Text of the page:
Allen said Moore was responsible for several key events in area Baptist history. Moore preached the first dedicatory sermon of the First Baptist Church of the City of Washington in 1802; he was the founding pastor of the First Baptist Church of Alexandria in 1803; and he was the first pastor of the Second Baptist Church in the District, which is now the University Baptist Church in College Park. Moore also may have been jailed for preaching the Gospel in the early 1800s.

Because of Moore's role in Baptist history, the D.C. Baptist Convention and the Mount Vernon Baptist Association, both of which represent Baptist churches throughout the region, are seeking land for the Moorefield House to be rebuilt. Representatives from those conventions, as well as members of the First Baptist Church of Alexandria and the Vienna Baptist Church, visited the house recently and took a tour of the building.

"We're interested because he's a Baptist pioneer," Allen said.

"He and others worked very hard for the disestablishment of the state church ... and for everyone to have freedom of religion," said Vienna Baptist member Jerry Duane.

Others involved in the house's preservation are interested in Moore's political influence. Joan Randell of the Jeremiah Moore Society said Moore counseled Thomas Jefferson toward the abolition of slavery. She said that in addition to advocating freedom of religion, Moore insisted that women should have property rights. Furthermore, the Moore family had friendships with three founding presidents.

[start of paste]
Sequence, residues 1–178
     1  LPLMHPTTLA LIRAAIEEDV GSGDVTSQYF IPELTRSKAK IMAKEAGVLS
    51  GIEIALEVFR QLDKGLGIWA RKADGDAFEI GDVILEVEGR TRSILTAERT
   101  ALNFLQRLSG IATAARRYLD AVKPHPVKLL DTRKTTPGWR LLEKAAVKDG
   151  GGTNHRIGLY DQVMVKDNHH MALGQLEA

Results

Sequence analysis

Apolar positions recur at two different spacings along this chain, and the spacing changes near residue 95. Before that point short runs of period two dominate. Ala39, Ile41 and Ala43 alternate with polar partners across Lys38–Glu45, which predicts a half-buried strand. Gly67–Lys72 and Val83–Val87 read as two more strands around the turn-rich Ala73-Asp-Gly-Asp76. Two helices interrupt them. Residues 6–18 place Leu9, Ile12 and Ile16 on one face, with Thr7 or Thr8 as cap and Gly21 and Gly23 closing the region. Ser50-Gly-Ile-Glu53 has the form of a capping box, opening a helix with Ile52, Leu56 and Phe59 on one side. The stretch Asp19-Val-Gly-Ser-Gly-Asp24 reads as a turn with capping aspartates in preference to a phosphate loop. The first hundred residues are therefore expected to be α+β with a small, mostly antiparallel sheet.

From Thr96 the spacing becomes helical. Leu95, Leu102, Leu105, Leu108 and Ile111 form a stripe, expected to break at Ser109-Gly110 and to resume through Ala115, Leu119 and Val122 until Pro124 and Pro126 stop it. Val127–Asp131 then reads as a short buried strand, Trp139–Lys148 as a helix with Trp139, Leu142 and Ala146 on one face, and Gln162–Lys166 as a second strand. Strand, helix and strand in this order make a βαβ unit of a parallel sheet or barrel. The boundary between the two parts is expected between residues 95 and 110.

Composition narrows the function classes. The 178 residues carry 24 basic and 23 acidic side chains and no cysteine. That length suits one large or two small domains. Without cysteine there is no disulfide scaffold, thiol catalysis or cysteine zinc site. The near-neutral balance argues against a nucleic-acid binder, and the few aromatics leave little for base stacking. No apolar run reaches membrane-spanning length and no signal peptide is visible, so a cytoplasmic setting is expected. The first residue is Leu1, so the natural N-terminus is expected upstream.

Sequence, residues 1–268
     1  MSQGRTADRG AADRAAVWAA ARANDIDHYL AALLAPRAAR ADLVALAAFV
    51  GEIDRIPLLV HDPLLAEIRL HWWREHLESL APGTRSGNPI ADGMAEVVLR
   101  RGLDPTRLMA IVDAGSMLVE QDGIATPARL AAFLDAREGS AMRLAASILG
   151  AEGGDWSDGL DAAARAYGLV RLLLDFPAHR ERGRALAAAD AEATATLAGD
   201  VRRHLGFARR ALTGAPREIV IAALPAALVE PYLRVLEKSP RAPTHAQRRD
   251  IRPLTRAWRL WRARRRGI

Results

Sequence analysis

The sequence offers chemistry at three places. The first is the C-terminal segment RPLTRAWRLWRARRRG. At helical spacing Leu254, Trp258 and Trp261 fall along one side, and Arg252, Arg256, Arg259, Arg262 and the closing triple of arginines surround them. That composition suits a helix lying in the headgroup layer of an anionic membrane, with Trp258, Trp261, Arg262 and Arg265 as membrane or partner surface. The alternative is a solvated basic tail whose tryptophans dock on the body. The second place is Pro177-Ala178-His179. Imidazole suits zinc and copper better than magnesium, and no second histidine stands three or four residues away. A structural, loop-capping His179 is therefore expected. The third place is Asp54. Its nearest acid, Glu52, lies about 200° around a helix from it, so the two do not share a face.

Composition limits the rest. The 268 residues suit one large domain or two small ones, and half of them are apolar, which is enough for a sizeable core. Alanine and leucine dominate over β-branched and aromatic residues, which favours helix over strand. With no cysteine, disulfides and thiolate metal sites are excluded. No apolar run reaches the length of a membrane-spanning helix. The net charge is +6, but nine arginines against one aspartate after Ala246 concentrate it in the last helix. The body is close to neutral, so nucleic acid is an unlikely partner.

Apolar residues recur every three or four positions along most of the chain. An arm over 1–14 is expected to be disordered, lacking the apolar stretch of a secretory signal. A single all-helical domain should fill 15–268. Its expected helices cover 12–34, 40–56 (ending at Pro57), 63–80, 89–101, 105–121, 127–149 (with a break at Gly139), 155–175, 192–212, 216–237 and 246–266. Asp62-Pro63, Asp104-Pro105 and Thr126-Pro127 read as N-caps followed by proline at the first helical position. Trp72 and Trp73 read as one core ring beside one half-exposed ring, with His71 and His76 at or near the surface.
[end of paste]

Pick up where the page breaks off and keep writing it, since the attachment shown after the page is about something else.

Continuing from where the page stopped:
"Here's this person who's a fabulous example of good citizenship," Randell said.

WITH THE APPROVAL of the contract by the Vienna Town Council for Timothy Robinson to dismantle the Moorefield House, the next step is to dismantle the house, find a place to store it, and find a place to put it back up again. Robinson, a restorer and owner of his own restoration company, Heartland Restorations, has until Sept. 15 to dismantle the house and remove it from its current site. He said he plans to strip the brick facade and then take apart and label the historical portion of the home. The original 1780 structure will be saved, as well as the 1830s addition to the home.

As he works to dismantle the home, the Jeremiah Moore Society will raise funds to store the components and reconstruct the house. They will also work with the Baptists to find a new site for the home. They hope to make an exhibit out of the house, for people to learn not only about early American history but about Moore himself.

"It's still a challenge," said Robinson, on dismantling the house. Yet Robinson argued that 75 to 80 percent of the house was still in good shape. "As far as the building itself, it's all there."

For now, the Jeremiah Moore Society needs to raise around $7,000 to dismantle the structure. The total cost to dismantle the house is roughly $10,000. Robinson is charging $7,000, half of which the town has given for the dismantling. The remaining $3,000 will be for the dismantling of the chimneys.

But those involved in preserving the house say the money will be well spent.

"I do it because [of] this man's part in American history," said Robinson of his involvement.

Todd, quoting Herbert Collins, agreed. To her, preserving Moorefield's House's history is invaluable.

"He said, ‘But what is the value of the history you're preserving?’" Todd said.